All posts tagged: René Girard

Black Bodies, Kneeling, and the Liturgy

This essay should be understood as a preliminary[1] exegesis, reading the recent events surrounding the phenomenon of “taking a knee” at football games as texts, mining them for meaning. Why has the response of many Americans been so negative? And how might we, as liturgically formed Christians, apply a kind of hospitable imagination to our reading as we seek to live out a consistent and holistic ethic of life? They’re not only free to earn millions of dollars every year, but they’re also free from the worry of being shot in the head for taking the knee like they would be if they were in North Korea. —Commentator on Fox Cable News You think black Americans are free from the worry of being shot by agents of the state? That’s the whole thing that they’re protesting in the first place. —Trevor Noah, from the Daily Show Scapegoat Theory The renowned theorist René Girard posits an overarching theory of human culture that begins with what he calls mimetic desire. Human desires “are not innate or autonomous,” …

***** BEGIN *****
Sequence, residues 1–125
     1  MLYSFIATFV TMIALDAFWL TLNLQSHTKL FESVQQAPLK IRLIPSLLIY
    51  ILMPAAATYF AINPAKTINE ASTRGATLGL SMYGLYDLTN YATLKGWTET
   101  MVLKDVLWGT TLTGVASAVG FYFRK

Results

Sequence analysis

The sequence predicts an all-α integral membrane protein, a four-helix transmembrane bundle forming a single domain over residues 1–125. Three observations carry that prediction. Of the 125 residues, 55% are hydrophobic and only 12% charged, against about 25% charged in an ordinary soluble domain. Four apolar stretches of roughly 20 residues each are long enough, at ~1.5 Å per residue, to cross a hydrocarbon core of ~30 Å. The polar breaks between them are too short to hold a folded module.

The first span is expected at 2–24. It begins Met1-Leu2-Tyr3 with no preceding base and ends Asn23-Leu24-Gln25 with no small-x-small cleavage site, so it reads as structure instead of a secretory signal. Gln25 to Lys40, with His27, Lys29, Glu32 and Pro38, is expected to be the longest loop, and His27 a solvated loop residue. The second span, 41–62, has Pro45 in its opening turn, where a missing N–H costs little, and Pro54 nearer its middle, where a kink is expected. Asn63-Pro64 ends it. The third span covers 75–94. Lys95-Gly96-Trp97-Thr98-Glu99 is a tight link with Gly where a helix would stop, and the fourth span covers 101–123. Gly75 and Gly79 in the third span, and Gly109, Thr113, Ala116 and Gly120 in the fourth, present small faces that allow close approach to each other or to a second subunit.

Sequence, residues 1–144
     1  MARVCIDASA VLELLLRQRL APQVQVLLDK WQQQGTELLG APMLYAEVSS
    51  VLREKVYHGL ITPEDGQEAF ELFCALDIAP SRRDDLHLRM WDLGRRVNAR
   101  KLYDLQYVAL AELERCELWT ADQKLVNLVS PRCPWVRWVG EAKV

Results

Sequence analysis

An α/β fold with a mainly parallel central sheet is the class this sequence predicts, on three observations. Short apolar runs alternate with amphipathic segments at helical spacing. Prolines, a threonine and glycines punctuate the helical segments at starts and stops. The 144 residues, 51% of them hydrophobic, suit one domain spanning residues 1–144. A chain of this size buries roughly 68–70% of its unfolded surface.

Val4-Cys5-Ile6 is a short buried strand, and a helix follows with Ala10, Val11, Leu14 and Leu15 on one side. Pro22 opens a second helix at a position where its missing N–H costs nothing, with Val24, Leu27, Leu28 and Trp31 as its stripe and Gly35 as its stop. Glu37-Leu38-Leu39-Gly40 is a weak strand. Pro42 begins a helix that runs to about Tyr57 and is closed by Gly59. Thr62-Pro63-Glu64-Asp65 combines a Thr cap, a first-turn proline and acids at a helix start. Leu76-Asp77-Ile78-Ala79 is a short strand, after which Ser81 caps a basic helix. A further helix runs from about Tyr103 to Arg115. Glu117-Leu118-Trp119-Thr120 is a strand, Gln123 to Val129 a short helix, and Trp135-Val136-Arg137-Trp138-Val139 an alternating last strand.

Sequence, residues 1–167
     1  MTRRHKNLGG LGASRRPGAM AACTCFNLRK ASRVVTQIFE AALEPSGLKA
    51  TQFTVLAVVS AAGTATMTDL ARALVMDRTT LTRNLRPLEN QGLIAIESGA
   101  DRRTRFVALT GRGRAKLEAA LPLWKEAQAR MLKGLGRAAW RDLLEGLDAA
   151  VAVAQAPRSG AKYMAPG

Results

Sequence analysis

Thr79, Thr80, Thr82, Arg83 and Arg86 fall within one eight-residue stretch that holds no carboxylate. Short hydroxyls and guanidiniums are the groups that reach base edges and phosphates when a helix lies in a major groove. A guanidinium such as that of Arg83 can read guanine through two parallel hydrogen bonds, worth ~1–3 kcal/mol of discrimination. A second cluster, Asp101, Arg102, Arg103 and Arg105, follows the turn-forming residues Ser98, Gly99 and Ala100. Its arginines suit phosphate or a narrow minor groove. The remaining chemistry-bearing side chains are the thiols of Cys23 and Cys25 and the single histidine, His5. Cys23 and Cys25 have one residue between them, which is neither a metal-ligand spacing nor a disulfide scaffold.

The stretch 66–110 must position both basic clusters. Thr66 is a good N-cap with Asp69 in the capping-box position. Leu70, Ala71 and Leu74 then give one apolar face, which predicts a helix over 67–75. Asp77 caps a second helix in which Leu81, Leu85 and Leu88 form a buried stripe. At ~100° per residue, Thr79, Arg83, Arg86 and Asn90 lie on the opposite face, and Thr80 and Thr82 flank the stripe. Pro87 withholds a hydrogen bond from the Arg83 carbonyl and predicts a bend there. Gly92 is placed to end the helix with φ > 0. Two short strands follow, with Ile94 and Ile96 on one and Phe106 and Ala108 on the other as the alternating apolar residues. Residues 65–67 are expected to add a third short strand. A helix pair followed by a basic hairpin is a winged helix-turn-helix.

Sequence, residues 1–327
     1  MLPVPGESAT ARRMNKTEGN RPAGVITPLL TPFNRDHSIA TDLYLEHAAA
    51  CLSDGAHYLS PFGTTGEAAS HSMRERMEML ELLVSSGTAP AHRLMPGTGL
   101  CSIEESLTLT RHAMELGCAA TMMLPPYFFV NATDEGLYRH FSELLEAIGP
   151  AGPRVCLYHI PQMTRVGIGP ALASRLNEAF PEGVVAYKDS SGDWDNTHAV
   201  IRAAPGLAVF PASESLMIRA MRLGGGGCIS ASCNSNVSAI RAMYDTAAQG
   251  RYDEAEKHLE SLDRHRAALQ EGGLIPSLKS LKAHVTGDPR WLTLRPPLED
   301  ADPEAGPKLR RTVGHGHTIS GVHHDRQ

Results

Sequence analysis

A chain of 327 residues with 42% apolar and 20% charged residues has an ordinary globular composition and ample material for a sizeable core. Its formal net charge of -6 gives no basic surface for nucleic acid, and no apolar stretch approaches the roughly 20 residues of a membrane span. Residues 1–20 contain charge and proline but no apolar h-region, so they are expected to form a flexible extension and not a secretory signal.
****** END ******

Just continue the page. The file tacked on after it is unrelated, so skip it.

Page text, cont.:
Human Need in Game of Thrones and the Word of God

Keep this in mind, dear brothers and sisters. Let every person be quick to hear, slow to speak, slow to anger; for a person’s anger does not fulfill God’s justice. Strip away all that is filthy, every vicious excess. Humbly welcome the word that has taken root in you, with its power to save you. Act on this word. If all you do is listen to it, you are deceiving yourselves. A person who listens to God’s word but does not put it into practice is like a man who looks into a mirror at the face he was born with: he looks at himself, then goes off and promptly forgets what he looked like. There is, on the other hand, the man who peers into freedom’s ideal law and abides by it. He is no forgetful listener, but one who carries out the law in practice. Blest will this man be in whatever he does. (James 1:19–25) I’m a TV junkie. I confess it. I have been one for as long as I can …